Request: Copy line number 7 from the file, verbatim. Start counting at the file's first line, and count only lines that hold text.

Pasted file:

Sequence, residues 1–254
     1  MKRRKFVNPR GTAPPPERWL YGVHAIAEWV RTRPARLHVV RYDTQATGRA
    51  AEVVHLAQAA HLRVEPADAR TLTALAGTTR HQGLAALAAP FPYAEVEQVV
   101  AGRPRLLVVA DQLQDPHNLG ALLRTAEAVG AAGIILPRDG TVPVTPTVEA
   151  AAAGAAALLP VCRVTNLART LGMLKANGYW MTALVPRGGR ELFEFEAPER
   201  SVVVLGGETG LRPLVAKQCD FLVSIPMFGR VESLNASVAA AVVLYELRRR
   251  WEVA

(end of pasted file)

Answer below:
   251  WEVA